The Black Forest comprises a swathe of deep-green woodland draped across the granite and sandstone mountains of Baden-Württemberg in southwest Germany and stretches north from Basel in Switzerland to Pforzheim. The area offers several long-distance hiking trails – the most trodden of which is the Westweg, which covers 280km and takes about a fortnight to complete. Heading south from Pforzheim, the Mittelweg passes Freudenstadt and Schluchsee en route to Waldshut (a journey which takes about nine days to complete). If time allows, it’s worth stopping in Freudenstadt, a town in the northern Black Forest which is famed for its market square (the largest in Germany).
Another worthwhile excursion is the Feldbergsteig, the first hiking trail to be crowned a premium hiking trail within the Black Forest Highlands. Starting at the “House of Nature” – an interactive exhibition showcasing the region’s flora and fauna – the 12.5km trail will take you right to the top of the Feldberg mountain. Clambering down narrow paths and across tiny bridges, a hazelnut schnapps at the Baldenweger Hütte makes for a welcome reward post-trek.
A storybook tableau of gabled townhouses and cobblestone lanes, Freiburg’s surrounding highlands make it the ideal low-grade hiking destination. Crisscrossed by picturesque brooks, the cheerful university town of Freiburg rests at the foot of the Black Forest’s wooded slopes and vineyards, and is blessed with 2000 hours of annual sunshine.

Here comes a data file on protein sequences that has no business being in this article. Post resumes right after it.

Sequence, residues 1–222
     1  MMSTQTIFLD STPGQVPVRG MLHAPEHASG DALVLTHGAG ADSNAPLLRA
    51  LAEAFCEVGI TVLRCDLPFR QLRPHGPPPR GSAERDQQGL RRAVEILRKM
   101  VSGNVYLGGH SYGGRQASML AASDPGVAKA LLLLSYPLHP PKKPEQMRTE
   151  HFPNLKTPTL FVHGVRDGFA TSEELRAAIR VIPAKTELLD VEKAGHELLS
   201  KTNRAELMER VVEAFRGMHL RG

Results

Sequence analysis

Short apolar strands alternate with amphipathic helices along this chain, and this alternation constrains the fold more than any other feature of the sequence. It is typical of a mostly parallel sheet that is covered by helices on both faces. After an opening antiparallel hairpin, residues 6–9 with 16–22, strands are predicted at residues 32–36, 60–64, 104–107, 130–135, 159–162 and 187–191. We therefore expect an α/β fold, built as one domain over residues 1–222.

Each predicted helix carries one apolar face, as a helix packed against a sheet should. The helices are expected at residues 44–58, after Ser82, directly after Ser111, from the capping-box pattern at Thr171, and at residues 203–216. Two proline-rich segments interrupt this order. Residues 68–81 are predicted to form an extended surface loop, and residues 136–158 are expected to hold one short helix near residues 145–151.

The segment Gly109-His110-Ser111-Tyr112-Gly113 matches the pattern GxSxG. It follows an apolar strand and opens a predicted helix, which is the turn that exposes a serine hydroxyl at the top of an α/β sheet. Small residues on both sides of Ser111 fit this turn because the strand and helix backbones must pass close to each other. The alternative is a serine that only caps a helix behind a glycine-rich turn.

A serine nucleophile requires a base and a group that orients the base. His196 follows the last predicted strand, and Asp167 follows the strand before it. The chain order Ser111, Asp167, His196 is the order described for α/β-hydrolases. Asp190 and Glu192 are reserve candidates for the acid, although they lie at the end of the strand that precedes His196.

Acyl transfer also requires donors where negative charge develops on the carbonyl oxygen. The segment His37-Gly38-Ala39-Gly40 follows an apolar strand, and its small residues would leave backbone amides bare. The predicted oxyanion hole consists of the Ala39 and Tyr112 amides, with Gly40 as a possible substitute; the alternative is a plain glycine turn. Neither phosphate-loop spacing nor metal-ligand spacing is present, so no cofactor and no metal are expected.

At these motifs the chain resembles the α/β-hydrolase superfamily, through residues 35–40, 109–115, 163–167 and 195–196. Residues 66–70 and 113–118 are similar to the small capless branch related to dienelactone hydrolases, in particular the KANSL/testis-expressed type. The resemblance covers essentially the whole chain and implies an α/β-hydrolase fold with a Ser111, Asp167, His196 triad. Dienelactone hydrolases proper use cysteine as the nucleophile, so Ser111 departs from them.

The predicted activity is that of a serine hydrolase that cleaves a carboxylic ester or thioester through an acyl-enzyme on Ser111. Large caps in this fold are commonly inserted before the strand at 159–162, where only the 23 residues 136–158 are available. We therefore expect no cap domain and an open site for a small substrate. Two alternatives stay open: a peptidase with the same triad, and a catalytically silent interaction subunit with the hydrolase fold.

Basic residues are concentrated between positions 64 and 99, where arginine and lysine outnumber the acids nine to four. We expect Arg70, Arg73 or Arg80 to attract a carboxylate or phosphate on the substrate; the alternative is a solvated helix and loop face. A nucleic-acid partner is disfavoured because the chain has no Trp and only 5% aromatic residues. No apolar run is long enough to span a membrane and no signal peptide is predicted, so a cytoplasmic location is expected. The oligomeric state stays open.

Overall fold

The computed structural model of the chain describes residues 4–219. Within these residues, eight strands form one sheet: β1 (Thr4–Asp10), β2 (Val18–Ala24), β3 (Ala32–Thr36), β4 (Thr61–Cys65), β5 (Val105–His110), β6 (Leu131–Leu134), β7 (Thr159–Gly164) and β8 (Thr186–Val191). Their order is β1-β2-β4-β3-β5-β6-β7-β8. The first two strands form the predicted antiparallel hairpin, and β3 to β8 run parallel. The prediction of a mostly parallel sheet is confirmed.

Cycling is also popular in the Black Forest thanks to its long valleys. Signposted biking trails sprawl forest wide, with some crossing the borders into Switzerland and the French region of Alsace. Karlsruhe, situated on the Rhineland Plain between the Black Forest, the Vosges mountains and the Palatinate Forest, is easily accessible by bike. Stop at one of the many pavement cafés and beer gardens around the market square before continuing on your journey. If visiting in July, carve out a couple of extra days for Das Fest, one of Germany’s biggest outdoor music festivals.
Those looking for a more adventurous biking experience can explore the region’s high-octane trails. Freudenstadt’s mountain-bike trail opened in 2017 and covers just over 3km, scaling nearly 180m. A modern version of an Olympic cross-country trail, it’s possible to cycle around the hurdles meaning the route is manageable for all levels – though you may decide you’re more of a spectator than a rider for this one.
Discover the only salt-water spa town in the region
One of the most genteel base points in the Black Forest is Bad Dürrheim, an old spa town in the south that specialises in recuperation and pampering. Braced by mountains in the Alpine foothills, the climatic health resort endures low levels of humidity making for a very pleasant few days of R and R.
As the only saltwater spa town in the region, this is a unique experience worth embracing. Salt-water cures are said to help relieve stress on the joints and muscle pain, strengthen circulation and even boost skin regeneration. Salt required for treatments is sourced directly from Bad Dürrheim’s salt reserves. Relax in the 23 degree dead sea salt grotto and soak until your fingers have pruned. This is an ideal pit-stop, or end of holiday destination, after a hiking- or biking-heavy trip.
For more information visit Visit Black Forest